Consim India, a company that owns the famous Indian matrimony website, has filed a trademark infringement suit against at the Madras High Court for what is alleged to be a two pronged infringement by Google. It is also been reported that they have been successful in obtaining an injunction, stoping Google from displaying such ads. However till date we don’t see any action. The reports from Medianama (which can be read here).

1. First alleged infringement by Google was that when the trademarks of Consim India like ‘’ are searched through Google, competitive website such as and were displayed in the advertisement space of the search results.

This is the common activity by Google where certain Adwords including trademarked terms were sold to the competitors and on which the trademark owners had been fighting with Google in different jurisdiction for sometime now.  The above-mentioned case of Louis Vuitton also related one such abuse of trademarks.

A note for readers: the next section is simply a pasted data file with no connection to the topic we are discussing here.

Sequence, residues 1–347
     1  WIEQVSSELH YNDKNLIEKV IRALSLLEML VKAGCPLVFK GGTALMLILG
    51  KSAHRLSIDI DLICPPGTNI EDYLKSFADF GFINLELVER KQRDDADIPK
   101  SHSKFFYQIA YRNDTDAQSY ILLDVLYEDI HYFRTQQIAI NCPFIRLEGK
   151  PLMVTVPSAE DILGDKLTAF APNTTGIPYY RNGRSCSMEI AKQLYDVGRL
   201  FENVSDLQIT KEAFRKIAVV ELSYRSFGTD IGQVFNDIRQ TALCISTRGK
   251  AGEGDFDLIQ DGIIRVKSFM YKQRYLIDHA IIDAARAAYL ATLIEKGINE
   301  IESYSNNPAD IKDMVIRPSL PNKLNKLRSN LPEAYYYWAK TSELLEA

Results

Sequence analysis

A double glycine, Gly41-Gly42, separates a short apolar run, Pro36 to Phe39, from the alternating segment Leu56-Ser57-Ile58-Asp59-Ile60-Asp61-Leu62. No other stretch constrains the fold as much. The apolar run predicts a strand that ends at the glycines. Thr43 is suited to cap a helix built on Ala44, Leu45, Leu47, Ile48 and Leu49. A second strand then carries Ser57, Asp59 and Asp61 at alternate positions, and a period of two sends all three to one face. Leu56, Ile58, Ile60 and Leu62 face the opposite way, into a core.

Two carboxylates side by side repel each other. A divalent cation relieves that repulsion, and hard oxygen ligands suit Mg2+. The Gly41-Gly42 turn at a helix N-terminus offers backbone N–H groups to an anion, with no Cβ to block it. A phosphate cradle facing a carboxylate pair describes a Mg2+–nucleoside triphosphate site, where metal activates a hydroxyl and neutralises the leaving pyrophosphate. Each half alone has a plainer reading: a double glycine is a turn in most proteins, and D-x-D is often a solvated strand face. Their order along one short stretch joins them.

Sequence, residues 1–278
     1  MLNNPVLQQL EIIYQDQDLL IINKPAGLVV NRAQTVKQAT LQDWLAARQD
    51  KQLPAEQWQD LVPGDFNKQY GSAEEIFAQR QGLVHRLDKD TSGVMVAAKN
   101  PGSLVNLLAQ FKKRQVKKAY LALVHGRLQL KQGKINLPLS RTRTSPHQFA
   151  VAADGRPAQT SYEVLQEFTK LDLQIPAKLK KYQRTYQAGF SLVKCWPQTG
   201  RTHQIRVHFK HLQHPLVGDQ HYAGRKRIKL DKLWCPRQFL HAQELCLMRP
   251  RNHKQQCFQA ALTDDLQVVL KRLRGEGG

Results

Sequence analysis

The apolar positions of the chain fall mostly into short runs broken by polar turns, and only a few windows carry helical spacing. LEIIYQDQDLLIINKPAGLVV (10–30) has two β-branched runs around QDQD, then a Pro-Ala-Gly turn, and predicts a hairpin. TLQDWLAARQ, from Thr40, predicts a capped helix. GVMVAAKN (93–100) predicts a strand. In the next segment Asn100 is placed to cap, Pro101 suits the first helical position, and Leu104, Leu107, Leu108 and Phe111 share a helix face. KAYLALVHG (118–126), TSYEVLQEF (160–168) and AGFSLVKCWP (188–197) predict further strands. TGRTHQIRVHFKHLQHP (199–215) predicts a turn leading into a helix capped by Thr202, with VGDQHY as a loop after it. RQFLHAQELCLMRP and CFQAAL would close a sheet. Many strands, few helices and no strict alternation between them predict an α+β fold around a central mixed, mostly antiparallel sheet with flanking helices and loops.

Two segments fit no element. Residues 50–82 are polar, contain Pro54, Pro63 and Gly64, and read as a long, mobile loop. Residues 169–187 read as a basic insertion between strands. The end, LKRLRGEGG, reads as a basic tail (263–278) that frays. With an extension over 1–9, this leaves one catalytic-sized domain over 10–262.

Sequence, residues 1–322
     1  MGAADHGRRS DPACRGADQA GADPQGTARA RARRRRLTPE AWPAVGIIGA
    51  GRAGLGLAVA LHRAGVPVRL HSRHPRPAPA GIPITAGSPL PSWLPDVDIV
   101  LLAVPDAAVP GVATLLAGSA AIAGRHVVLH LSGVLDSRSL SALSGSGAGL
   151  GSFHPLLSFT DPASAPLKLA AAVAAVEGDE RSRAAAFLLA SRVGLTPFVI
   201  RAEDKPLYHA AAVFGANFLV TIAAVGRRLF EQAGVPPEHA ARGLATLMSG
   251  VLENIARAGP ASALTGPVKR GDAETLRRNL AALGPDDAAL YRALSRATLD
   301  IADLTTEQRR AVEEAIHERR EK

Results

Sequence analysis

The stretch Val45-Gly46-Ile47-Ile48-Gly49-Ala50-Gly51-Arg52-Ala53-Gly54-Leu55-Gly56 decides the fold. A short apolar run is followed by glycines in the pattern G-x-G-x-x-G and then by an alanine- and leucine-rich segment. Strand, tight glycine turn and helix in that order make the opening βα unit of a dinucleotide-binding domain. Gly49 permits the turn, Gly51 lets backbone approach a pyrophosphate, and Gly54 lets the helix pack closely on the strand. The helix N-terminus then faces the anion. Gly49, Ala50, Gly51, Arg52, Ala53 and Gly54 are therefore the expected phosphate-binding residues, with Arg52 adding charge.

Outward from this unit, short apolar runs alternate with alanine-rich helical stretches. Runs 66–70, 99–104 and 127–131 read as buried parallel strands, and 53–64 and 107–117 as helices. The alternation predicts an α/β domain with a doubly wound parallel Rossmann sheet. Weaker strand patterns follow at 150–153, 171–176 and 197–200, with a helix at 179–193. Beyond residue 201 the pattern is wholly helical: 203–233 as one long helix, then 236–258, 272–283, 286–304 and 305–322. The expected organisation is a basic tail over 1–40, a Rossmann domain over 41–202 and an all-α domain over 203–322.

One interesting issue pointed out by medianama (here) in their report was that Bharatmatrimony themselves were involved in such practices, i.e when one typed as the search term, advertisements by bharatmatrimony would be displayed on the side.

However when checked today, this was removed.

2. Second allegation by Consim was that when a generic term is searched, Google displayed advertisement which had the trademark of Consim but did not direct to their site. In other words when someone searched for ‘Tamil Bride’, which is a generic keyword, advertisement from competitors were displayed which used trademarked terms in the text of the Advertisement including the term bharatmatrimony but instead linked to the competitor’s websites.